Eternal sunshine of the spotless cycle?April 2019
In a recent study, Purvis and colleagues (Chao et al, 2019) quantify cell cycle phase durations in human cells and propose a model whereby cell cycle progression in single cells is a succession of uncoupled, memoryless phases, each composed of a characteristic rate and number of steps. They also suggest that having such memoryless phases is a feature of healthy cells, while cancer cells have correlated phases. Silvia Santos (Crick, London) and Lendert have written a News&Views piece about this article.
Do biological timers and sensors work together to coordinate processes in cell signaling?January 2019
In a perspective piece in BioEssays, Junbin Qian, Mathieu Bollen, and Lendert argue that this is indeed the case. Recent data suggest that timers and sensors can work together to guarantee correct timing and responsiveness. By exploring examples of cellular stress signaling from mitosis, DNA damage, and hypoxia, we discuss the common architecture of timer‐sensor integration, and how its added features contribute to the generation of desired signaling profiles when dealing with stresses of variable duration and strength.
Pedro reports on how quadratic soliton combs are formed in Optics LettersDecember 2018
In a joint effort with Tobias Hansson, Stefan Wabnitz, and François Leo, Pedro investigated theoretically the dynamics of quadratic frequency combs in a dispersive second-harmonic generation cavity system. We identified different dynamical regimes and demonstrated that the same system can exhibit both bright and dark localized cavity solitons in the absence of a temporal walk-off. These results are published in two Optics Letters papers, see here and here.
Stefan’s joint work with the Raes and De Vuyst lab has been published in eLifeOctober 2018
In a collaboration with the lab of Jeroen Raes (KUL) and Luc De Vuyst (VUB), Stefan has helped exploring human gut community dynamics. We established a synthetic community composed of three representative human gut isolates (Roseburia intestinalis L1-82, Faecalibacterium prausnitzii A2-165 and Blautia hydrogenotrophica S5a33) and explored their interactions under well-controlled conditions in vitro. Using a mechanistic model as reference, we demonstrated that strains grown in co-culture behaved differently than those in mono-culture and confirmed their altered behavior at the transcriptional level. For more information, see the publication in eLife.
Welcome ArnoOctober 2018
We’re happy to welcome Arno to our lab! Arno studied biosystems engineering and he will be designing and using microfluidic devices to study various aspects of the spatiotemporal regulation of the cell cycle.
Stefan and Alexandra show how excitability can lie at the heart of toxin excitations in bacteriaAugust 2018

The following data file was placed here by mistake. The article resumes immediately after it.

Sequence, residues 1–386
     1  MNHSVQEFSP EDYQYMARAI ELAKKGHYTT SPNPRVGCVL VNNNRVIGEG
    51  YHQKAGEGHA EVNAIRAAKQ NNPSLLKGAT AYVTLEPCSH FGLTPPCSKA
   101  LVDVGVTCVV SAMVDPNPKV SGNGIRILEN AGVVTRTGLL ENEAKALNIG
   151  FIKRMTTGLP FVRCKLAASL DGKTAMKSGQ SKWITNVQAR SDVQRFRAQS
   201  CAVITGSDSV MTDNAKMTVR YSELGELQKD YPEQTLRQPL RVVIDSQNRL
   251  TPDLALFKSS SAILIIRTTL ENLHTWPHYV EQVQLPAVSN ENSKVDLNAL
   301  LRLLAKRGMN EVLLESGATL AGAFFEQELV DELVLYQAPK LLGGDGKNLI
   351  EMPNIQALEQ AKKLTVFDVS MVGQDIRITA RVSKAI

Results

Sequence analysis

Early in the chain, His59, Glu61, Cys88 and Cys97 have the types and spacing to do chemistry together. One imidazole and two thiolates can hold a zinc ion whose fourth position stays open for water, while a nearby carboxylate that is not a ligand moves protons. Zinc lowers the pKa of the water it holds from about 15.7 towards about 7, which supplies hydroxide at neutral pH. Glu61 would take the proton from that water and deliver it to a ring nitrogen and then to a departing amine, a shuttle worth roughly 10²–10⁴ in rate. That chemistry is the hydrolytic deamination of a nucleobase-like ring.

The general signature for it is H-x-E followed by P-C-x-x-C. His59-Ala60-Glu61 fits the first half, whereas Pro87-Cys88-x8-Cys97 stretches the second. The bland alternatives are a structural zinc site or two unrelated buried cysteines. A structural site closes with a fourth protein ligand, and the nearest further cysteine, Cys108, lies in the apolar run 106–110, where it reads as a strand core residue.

Toxin-antitoxin (TA) systems in bacteria and archaea are small genetic elements consisting of the genes coding for an intracellular toxin and an antitoxin that can neutralize this toxin. In various cases, the toxins cleave the mRNA. Stefan and Alexandra have used deterministic and stochastic modeling to explain how toxin-induced cleavage of mRNA in TA systems can lead to excitability, allowing large transient spikes in toxin levels to be triggered. This work has been published in PLoS One .
Stefan publishes work on the dynamics of two interacting microbial species in the chemostatJune 2018
In the context of Stefan’s joint PhD at the ULB (with D. Gonze) and VUB (with J. Danckaert) in Brussels, he has theoretically studied the dynamics of two interacting microbial species in the chemostat. These species are competitors for a common resource, as well as mutualists due to cross-feeding. He demonstrated that this system has a rich repertoire of dynamical behavior, including bistability, and showed that the different steady state solutions can be well captured by an extended Lotka-Volterra model. This work was published in PLoS One.
Pedro publishes detailed bifurcation study of localized light pulses in optical resonatorsApril 2018
Pedro has studied the origin, stability, and bifurcation structure of different types of bright localized structures described by the Lugiato-Lefever equation. This mean field model describes the nonlinear dynamics of light circulating in fiber cavities and microresonators. In this work, published in Phys. Rev. E , we show how the organization (bifurcation structure) of these localized light patterns critically changes as one increases the cavity detuning, one of the important experimental control parameters in the system.
Commentary on the function of dynamic phosphorylation-dephosphorylation cycles published in Dev. CellMarch 2018
Adrian Saurin (Dundee Univ.) and Lendert have written a commentary on the potential roles of dynamic phosphorylation-dephosphorylation cycles.
They discuss how rapid cycles could underlie important signaling properties, including the ability to rapidly bind and release proteins.
Work on delay models for the embryonic cell cycle published in PLoS OneMarch 2018
Jan’s work on delay models for the early embryonic cell cycle oscillator has been published in PLoS One . We showed that different implementations of the time delay can have a large impact on the resulting oscillation, exploring a fixed time delay, a distribution of time delays, and a delay that is state-dependent. Well done Jan and Alexandra!
Lendert elected member of Young AcademyFebruary 2018
Lendert has been elected member of the Young Academy, part of the Royal Flemish Academy of Belgium for Science and the Arts (KVAB). On February 6, the Young Academy celebrated their five year anniversary and twelve new members were inaugurated with speeches by Prof. Robbert Dijkgraaf and the King of Belgium (http://jongeacademie.be/5-jaar-jonge-academie/). The Young Academy is an interuniversity and interdisciplinary meeting place for scientists and artists to work on initiatives related to e.g. science communication, policy, and education.
Publication with Moll lab in Nucleic Acids ResearchFebruary 2018